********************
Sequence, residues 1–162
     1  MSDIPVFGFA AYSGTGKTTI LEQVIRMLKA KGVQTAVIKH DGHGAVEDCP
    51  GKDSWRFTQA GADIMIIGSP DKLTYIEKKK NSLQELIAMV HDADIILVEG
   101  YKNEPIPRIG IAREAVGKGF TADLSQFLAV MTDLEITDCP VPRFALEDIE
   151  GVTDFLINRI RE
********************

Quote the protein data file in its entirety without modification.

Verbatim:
Sequence, residues 1–162
     1  MSDIPVFGFA AYSGTGKTTI LEQVIRMLKA KGVQTAVIKH DGHGAVEDCP
    51  GKDSWRFTQA GADIMIIGSP DKLTYIEKKK NSLQELIAMV HDADIILVEG
   101  YKNEPIPRIG IAREAVGKGF TADLSQFLAV MTDLEITDCP VPRFALEDIE
   151  GVTDFLINRI RE